Although it would be nice not to stick this district into a box the majority of the shops and restaurants cater to the international “feel” and you can often find spices and other items not readily available in a normal super market. In fact Uwajimaya, is a much sought after and visited market in the area and probably the single largest business in the area which spawned the Uwajimaya Village, which is a really clean and newer looking office building that host shops and office in equal share.

Of course you can’t mention the International District without mentioning Wing Luke Museum, which celebrates the ethnic diversity of the area. It’s a must see when in the area.
Recommended for
  • Professionals
  • Singles
5/5 rating details
  • Neighborly Spirit 5/5
  • Safe & Sound 3/5
  • Clean & Green 3/5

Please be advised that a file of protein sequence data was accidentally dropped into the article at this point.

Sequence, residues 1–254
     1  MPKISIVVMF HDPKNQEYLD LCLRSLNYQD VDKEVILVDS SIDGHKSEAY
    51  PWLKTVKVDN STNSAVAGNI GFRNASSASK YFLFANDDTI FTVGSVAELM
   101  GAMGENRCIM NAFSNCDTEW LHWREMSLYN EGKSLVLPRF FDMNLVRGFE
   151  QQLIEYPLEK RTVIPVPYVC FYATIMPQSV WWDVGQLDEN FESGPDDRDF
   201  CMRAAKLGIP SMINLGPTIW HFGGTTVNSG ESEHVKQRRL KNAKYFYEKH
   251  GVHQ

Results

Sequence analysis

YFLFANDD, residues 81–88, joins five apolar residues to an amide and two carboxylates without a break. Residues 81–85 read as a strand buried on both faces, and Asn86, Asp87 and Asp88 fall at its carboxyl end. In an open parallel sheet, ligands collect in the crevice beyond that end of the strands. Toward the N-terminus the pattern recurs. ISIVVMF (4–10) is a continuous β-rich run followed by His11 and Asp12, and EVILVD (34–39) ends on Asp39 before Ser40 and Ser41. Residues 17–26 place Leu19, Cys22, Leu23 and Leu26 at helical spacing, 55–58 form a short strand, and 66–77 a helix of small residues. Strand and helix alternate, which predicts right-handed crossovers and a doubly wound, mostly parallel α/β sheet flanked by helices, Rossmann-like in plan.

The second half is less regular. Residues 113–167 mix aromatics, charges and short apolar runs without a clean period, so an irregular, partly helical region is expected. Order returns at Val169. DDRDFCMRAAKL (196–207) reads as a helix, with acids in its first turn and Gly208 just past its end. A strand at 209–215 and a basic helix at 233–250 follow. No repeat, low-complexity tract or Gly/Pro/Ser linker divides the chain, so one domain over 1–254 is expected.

• Eating Out 5/5
  • Nightlife 4/5
  • Parks & Recreation 3/5
  • Shopping Options 5/5
  • Lack of Traffic 4/5
  • Cost of Living 5/5
  • Public Transport 5/5
2yrs+

"Vibrant Ethnic Community - Exciting To Visit or Live Here"

Seattle's International District, also known as the I.D., is a diverse neighborhood located just south of Downtown. Often called 'Chinatown' by locals, the International District is actually home to a melting-pot of dozens of Asian immigrant groups, including Chinese Americans, Filipino Americans, Japanese Americans, Cambodian Americans, and many more. Each new wave of immigration changes the character of the neighborhood in its own unique way.

The International District stretches between Fifth Avenue South and Rainier Avenue South, North of S. Dearborn Street and South of South Main Street. Within the International District, the main roads are South King Street and South Jackson Street. This area was first known as Chinatown as early as the 1890s. Today, the entire area is officially recognized as a Historic District.